Part B Dermal Fillers
Let’s not waste time and jump right in to which fillers I, Leighann Landy, injector at Landy HE, consider “best” for which areas and how much a syringe of each will cost you here at the spa. This brings up a good point, fillers are sold by the entire syringe which either comes in 0.5cc or 1cc. This brings me to my next point, how much filler is actually in a 1cc syringe? For all you bakers out there, think in terms of teaspoons. A 1cc syringe of filler is only equivalent to 1/5 of a teaspoon, which means it would take a total of 5 syringes to give you just 1 measly teaspoon. When I learned this, it was easier for me to put the pressure required on the plunger of the syringe of filler.
Remember earlier I said that all of the fillers being injected at Landy HE are made from hyaluronic acid. Hyaluronic acid is a complex sugar that is naturally present in all living cells in our bodies. Hyaluronic acid exists right alongside collagen and elastin in the skin. Collagen keeps your skin looking young and full, elastin keeps your skin elastic, and hyaluronic acid is responsible for maintaining the moisture in your skin. When you inject hyaluronic acid into the skin it attracts water and allows your skin to hold moisture. So, to some degree, hyaluronic acid-based fillers are what we call hydrophilic or water-loving/water-attracting. Therefore, ALL hyaluronic acid-based fillers will somewhat pull water to them, meaning they are going to create more volume than what you see when they are just injected. Some are just more hydrophilic than others. The Restylane family is one of the least hydrophilic fillers and what this makes me think about is if the under eye area had an FDA indication for injection, I would elect a Restylane product to be injected in this area because you do not want any extra water to be pulled into this particular area.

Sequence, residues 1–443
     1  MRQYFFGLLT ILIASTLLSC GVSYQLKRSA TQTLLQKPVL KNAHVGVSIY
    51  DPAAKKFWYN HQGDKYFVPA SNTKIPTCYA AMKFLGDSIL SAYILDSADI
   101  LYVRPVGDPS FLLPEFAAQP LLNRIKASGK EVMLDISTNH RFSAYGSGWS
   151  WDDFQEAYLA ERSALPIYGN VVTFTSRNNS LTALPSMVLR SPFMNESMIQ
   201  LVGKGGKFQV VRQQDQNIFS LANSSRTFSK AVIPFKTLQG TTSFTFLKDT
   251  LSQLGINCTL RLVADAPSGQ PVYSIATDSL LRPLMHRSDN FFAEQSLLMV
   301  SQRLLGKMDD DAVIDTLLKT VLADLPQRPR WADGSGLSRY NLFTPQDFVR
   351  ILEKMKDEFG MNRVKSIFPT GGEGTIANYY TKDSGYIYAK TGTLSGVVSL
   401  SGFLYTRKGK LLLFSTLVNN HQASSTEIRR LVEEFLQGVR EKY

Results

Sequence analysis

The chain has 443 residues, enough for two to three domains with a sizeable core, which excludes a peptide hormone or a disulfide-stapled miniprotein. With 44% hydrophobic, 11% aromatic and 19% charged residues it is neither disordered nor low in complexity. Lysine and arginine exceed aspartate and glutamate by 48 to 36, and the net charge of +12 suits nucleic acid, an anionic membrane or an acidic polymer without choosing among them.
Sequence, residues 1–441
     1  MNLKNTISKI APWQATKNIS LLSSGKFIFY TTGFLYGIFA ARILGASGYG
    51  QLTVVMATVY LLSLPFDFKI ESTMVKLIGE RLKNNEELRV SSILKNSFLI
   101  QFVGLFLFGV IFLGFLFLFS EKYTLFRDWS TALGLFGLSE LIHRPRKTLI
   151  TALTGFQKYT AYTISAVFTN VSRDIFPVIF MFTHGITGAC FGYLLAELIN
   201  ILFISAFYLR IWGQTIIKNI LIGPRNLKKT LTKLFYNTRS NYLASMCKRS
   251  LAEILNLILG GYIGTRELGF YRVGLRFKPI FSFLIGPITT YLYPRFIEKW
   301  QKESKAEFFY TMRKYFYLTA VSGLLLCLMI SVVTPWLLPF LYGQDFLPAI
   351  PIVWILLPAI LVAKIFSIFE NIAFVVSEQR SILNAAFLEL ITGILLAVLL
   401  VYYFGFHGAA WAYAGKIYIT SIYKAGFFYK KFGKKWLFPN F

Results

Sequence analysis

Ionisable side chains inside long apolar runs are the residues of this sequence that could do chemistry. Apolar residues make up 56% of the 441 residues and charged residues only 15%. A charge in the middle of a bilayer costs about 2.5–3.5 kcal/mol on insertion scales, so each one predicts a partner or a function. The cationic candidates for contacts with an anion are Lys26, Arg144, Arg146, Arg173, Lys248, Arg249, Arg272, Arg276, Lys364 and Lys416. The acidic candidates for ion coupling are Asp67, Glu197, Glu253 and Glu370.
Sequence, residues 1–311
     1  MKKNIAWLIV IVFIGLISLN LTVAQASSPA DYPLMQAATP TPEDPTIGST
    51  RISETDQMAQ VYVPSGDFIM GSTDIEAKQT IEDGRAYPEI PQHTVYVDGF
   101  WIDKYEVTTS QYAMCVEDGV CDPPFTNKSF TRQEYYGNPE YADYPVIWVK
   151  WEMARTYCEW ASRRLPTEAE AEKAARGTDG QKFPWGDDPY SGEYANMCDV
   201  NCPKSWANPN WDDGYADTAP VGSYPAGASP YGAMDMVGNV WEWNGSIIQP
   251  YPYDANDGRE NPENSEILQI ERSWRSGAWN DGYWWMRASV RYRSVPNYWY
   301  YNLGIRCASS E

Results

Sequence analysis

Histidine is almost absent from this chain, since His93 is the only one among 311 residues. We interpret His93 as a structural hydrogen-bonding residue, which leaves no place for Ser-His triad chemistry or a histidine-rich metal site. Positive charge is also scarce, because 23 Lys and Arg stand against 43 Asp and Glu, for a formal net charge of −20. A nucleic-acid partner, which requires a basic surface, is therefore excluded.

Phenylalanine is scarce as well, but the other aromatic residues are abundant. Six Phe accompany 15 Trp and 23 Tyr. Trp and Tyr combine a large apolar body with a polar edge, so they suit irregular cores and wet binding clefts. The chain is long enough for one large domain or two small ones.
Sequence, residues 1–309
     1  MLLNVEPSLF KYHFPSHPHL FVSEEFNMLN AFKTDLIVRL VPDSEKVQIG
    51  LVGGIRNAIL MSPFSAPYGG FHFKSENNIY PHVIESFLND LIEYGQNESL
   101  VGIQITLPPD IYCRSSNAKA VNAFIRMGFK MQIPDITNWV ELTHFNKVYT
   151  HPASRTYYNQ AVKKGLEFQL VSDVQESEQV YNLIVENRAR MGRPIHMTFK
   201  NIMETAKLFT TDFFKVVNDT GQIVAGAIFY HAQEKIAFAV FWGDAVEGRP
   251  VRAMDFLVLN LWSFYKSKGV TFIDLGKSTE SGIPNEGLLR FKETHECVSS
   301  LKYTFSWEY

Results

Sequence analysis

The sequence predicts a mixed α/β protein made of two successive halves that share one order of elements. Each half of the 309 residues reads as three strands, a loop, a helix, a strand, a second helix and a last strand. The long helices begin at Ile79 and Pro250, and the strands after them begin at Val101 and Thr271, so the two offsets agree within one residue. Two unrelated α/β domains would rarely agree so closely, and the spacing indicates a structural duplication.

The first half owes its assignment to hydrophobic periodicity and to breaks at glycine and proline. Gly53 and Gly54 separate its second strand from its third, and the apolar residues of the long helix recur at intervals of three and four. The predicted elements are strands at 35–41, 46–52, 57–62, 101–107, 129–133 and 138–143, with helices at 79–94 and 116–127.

Choosing between Juvederm and Restylane:
The major difference between these two families of dermal fillers is when it comes to texture and the main difference is, Juvederm is smooth and Restylane is granular. This means a few things:
- Juvederm is less likely than Restylane to leave “bumps” during the injection process.
- Restylane tends to integrate with your own tissue better than Juvederm due to its granular composition and as a result, looks better in places that need a fuller effect. Because of its cohesive properties,
- Restylane tends to stay in place after being injected. This property, in particular, tends to be my favorite property in a dermal filler; being able to mold them into the area you want them or smooth them to create the contour you desire.
- When it comes to longevity, both of these fillers last several months but the consensus is that Juvederm may be somewhat longer-lasting.